Letters From/To Fred Williams during Spanish
American War - 1898
" A Gift From Tim
Laros to People of Palo Alto County"
Camp Geo. H. Thomas
Co. K 52nd Ia Inf Vol
July 13th, "98"
Dear Cousin - I now seat myself to let you know that I am well and have
joined the army. I and three other young men came from Curlew. We arrived here
Monday Morning. We took our first drill Monday night. I enjoyed the trip very
much today is raining. Uncle Sam treats us very good. We will soon have our
uniforms. We have some of our clothes now. If you any notion of joining the army
I advise you to keep away. I have enlisted for two years. I am in Co K the men
are all very well but one but he is getting better but in some of the cos. there
is a great deal of sickness. Well I will close for this time. Write soon. From
your cousin Fred Williams.
Postmarked Mallard, Iowa Aug 4, 1898
Camp Geo. H. Thomas
52nd Ia Inf Vol.
Aug 1st, 1898
Mr. Fred Wiliams,
This will answer for two letters won't it.
I have a few spare moments and I will try to write a
few lines to you to occupy a few of your spare moments if you have any. Edla and
I have just come in from putting the caps on the oats and which have blown off.
it didn't take a very long time. I went to the creamery this morning alone as
Edla gave Pearl Steel a music lesson. I have not seen any of your folks since
the day I wrote some in that letter of your ma's. Aunt Deell is coming down here
next Friday. Mary and I are going up after her and I am going up and stay with
Cora. We will have a big time let me tell you.
Pa, Edla,and I were to a circus in Laurens last
Thursday. Golmar Bros. is the name. it was only a 25 center, but was very good.
Sauren [or Lauren] worked his way in. They were fair and let every boy in free
that worked for a ticket and they had no gambling on the grounds at all. The
clowns were good and they had two of the best trained pigs I ever saw. Well- in
fact this was only the second circus I was ever to but Pa said that and so I
took it for granted. I guess this is circus enough for you so I will try and
tell you about something else.
I have written to Jim but have received no answer as
yet. Edla and Myrtie are up stairs studying preparing for Institute. I suppose
you wasn't sorry to see Mr. Dodge. Say- I wrote to Jim just as if I thought
Dodge [black marks through writing] (excuse marking_ didn't tell the truth. I
wrote and said that Mr. dodge said he saw and shook hands with Jim and then I
(not Dodge ) went to work and asked Jim if he saw Mr. Dodge. I believed Mr.
Dodge all right but mean to ask Jim if he knew him (Mr. Dodge.) George told me
to day that he heard Jim was a professional COOK now I guess there will be a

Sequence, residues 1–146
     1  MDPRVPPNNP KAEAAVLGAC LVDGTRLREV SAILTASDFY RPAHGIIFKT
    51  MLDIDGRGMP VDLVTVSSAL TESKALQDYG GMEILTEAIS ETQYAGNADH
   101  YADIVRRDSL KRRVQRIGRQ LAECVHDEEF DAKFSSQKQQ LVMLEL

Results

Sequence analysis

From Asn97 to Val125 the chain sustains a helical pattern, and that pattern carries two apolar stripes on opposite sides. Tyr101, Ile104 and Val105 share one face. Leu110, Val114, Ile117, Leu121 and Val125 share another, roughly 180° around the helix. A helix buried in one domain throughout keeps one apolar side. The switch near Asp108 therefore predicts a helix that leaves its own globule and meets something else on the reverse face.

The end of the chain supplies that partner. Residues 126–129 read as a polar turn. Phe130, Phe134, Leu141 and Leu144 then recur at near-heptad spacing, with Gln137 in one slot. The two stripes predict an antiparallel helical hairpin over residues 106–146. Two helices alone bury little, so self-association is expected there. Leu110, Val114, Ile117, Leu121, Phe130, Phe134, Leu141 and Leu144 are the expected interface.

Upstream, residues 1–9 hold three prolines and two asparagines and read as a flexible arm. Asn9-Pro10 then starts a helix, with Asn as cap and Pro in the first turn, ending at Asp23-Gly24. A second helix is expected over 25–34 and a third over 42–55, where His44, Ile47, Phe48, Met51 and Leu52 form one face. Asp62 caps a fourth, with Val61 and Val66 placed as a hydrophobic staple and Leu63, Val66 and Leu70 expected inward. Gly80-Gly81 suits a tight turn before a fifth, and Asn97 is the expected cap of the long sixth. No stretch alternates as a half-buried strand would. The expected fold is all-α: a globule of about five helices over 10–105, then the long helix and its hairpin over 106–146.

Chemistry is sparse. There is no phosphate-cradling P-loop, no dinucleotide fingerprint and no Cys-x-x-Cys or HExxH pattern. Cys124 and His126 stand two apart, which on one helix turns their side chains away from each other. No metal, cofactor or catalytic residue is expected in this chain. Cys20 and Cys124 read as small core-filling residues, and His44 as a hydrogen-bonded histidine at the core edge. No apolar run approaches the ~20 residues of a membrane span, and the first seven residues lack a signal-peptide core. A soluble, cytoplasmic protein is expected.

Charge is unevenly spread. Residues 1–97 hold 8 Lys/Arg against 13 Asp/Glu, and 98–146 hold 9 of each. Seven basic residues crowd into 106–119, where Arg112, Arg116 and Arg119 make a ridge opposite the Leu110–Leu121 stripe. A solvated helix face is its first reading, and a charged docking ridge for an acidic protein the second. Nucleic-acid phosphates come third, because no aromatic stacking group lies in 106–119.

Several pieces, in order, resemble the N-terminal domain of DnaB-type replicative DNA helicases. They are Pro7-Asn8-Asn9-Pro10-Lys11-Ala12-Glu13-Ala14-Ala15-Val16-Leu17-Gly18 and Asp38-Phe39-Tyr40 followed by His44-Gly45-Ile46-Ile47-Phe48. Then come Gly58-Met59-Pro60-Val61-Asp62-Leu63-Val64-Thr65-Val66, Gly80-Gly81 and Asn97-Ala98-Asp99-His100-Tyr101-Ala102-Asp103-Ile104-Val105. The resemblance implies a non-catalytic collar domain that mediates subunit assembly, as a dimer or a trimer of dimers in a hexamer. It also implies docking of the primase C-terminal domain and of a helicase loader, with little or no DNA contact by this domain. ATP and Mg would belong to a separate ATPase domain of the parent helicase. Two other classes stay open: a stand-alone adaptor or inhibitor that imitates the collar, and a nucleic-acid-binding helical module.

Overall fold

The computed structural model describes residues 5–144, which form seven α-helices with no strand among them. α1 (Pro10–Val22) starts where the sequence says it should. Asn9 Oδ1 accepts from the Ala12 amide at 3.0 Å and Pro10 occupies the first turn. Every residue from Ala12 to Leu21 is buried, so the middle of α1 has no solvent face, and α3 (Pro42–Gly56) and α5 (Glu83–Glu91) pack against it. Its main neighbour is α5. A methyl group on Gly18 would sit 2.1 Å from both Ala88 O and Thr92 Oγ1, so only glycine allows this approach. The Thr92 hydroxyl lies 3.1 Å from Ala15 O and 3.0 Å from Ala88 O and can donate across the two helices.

sort of a celebration in Laurens the 15th. The brick buildings will be up then.
Well Fred I will have to close right away quick because you know why. Write
From your loving cousin Emma.
P.S. We are all well and hope this finds you the same down there. Steven hasn't
joined you there yet has he? or won't he be with you?
Edla started to write on this paper but I put a stop to it because I told her
I wrote you that you could expect a letter from em and I shouldn't have my word
Aug. 3rd, 98
Mr. Fred Williams-
I will write some more as I didn't send this by Pa this
morning. It is a bright morning something new. It has been raining every other
day lately. We are right in among a religious neighborhood now. The Methodists
are holding camp meeting in Archie Johnson's grove. The tent is right in their
front yard. Willie has been up three times but the rest of us hadn't attended
any. I don't know just how the minister's name is spelled but it is something
like this (De Bois). Grandpa had a bad spell again yesterday morning but is
better today. Edla is going to get some little apples for dinner. I guess she
don't mind that work much because she can eat some while she is picking them.
The papers seem to think that the War is near an end. I
hope so. Although I cannot volunteer I am quite Patriotic. I have a red, white
and blue apron. I think it is quite pretty. Of course I don't intend to wear it
only on special occasions. I made it yesterday afternoon.
John Johnson took up his duty this morning. He is going
to work in the Bank at Mallard as assistant Cashier.
My! I hope it is a nice day Friday so we can go to
How the weeks do fly. Here it is Wednesday and it seems
only yesterday was Sun. Does time go so fast down there. I believe you wrote it
didn't. Grandma is now reading to Grandpa about the man who wrote Dixie. His
name is Dan Emmett.
Charley Winchell has gone back to Seattle. He left here
a week ago Mon. I suppose he is now enjoying the City and street life. I thought
I would write you a long letter because I'm afraid you will be home before I
have another chance you will think I am crazy but the truth is I am writing so
fast. I can't write a little bit. Edla has read this letter over or a part